A ban on the marriage of same-sex couples in Costa Rica will be lifted by mid-2020, after the Supreme Court of the socially conservative country concluded that current laws outlawing such unions are unconstitutional and discriminatory.
In a 287-page ruling issued this week, the Central American nation’s legislators set a deadline of 18 months to institute same-sex marriage, after approving plans announced by the court in August. The legalisation was “a major campaign promise” for President Carlos Alvarado Quesada, who took office in May, reports Voice of America.
Quesada has said that he wants to guarantee “no person will face discrimination for their sexual orientation”, adds the BBC.
Following the ruling, the president tweeted: “[This] is a big step forward toward equality…It’s now just a matter of time. Full equal rights will come, love will prevail.”
Costa Rica is the one of more than 30 countries that have either legalised gay marriage or are planning to in the near future.
Although the Danish are officially the pioneers of marriage equality, the Scandinavian nation’s Registered Partnerships Act of 1989 did not treat same-sex unions as “marriages” and therefore cannot qualify.
The Netherlands was actually the first country to put same-sex marriage on a par with heterosexual partnerships, with legislation introduced in 2001.
A spokesperson for the Dutch Embassy told The Washington Post: “We were always a bit ahead of other countries. We had those discussions years before other countries even started.”
However, while nations across the globe have followed suit, the road towards same-sex marriage has not always been a smooth one.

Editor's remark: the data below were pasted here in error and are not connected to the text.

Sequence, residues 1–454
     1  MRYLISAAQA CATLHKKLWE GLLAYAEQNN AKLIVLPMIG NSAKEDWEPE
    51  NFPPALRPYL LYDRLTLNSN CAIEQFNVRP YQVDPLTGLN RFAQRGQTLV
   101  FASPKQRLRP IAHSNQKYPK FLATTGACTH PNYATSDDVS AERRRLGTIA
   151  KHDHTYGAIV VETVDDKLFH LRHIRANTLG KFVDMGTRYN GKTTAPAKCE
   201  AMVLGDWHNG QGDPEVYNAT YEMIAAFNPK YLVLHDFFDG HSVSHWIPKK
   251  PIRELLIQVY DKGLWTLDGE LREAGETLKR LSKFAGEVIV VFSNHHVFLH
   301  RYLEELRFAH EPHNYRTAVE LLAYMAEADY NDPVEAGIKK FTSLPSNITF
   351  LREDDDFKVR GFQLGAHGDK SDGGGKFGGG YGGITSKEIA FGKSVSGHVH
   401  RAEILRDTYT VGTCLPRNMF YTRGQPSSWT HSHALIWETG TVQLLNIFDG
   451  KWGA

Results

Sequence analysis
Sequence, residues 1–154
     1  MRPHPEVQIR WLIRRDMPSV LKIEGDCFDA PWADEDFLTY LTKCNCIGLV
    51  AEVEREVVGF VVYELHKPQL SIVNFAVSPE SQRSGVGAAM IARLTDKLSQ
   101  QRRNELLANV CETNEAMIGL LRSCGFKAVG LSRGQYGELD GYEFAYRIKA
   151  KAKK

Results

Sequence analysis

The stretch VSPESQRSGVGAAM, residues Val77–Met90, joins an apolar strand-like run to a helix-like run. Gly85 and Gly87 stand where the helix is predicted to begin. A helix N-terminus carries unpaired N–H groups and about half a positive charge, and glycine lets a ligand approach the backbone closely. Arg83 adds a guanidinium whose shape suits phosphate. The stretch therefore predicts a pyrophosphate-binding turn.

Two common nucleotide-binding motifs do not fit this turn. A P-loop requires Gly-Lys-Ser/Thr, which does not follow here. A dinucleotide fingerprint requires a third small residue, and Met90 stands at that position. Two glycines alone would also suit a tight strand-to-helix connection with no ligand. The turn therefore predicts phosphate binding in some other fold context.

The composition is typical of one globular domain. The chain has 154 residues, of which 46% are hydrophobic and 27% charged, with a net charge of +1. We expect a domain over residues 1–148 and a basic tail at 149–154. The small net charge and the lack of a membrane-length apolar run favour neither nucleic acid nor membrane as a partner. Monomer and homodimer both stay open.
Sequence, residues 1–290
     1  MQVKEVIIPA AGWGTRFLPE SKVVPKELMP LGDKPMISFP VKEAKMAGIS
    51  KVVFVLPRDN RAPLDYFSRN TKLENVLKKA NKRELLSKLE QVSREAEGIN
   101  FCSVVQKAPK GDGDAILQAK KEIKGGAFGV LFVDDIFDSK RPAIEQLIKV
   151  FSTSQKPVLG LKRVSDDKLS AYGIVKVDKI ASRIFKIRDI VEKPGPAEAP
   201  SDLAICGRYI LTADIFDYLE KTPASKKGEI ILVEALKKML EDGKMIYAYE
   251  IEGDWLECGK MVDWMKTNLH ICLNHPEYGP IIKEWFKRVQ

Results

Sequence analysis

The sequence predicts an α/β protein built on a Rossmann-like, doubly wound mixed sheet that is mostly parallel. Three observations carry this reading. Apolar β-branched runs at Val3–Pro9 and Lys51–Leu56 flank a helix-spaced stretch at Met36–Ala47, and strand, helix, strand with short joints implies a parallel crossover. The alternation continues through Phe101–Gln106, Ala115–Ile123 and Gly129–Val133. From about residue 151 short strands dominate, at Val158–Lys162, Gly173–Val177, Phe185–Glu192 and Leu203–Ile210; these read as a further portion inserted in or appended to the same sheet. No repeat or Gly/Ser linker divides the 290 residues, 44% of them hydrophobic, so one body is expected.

Bermuda became the first nation to repeal gay marriage rights in February, when the government announced that it would overturn a 2016 court decision that legalised same-sex marriage and introduce domestic partnerships for gay couples instead.
The decision prompted international criticism and calls for boycotts on travel to Bermuda. Cruise line Carnival Corp, one of several Bermuda-registered ships that had been performing same-sex marriages, provided “financial, public relations and civic support to [campaign group] OutBermuda in its efforts to challenge the island’s same-sex marriage ban”, according to NBC News. Amid mounting pressure, the ban on gay marriage was overturned in June.
Despite such setbacks, marriage equality achieved a major milestone in 2015 when the US Supreme Court ruled that gay marriage would become legal nationwide. At the time, 14 US states had bans on same-sex marriage. The announcement was met with joy by campaigners outside the court, who responded with “tears, hugs, and cheers of ‘USA USA USA!’”, the BBC reported.
Here is a complete list of the countries where same-sex marriage has been or is soon to be legalised:
United States (2015)
England and Wales (2013)
New Zealand (2013)
South Africa (2006)
The Netherlands (2000)
To become legal:
Costa Rica (2020)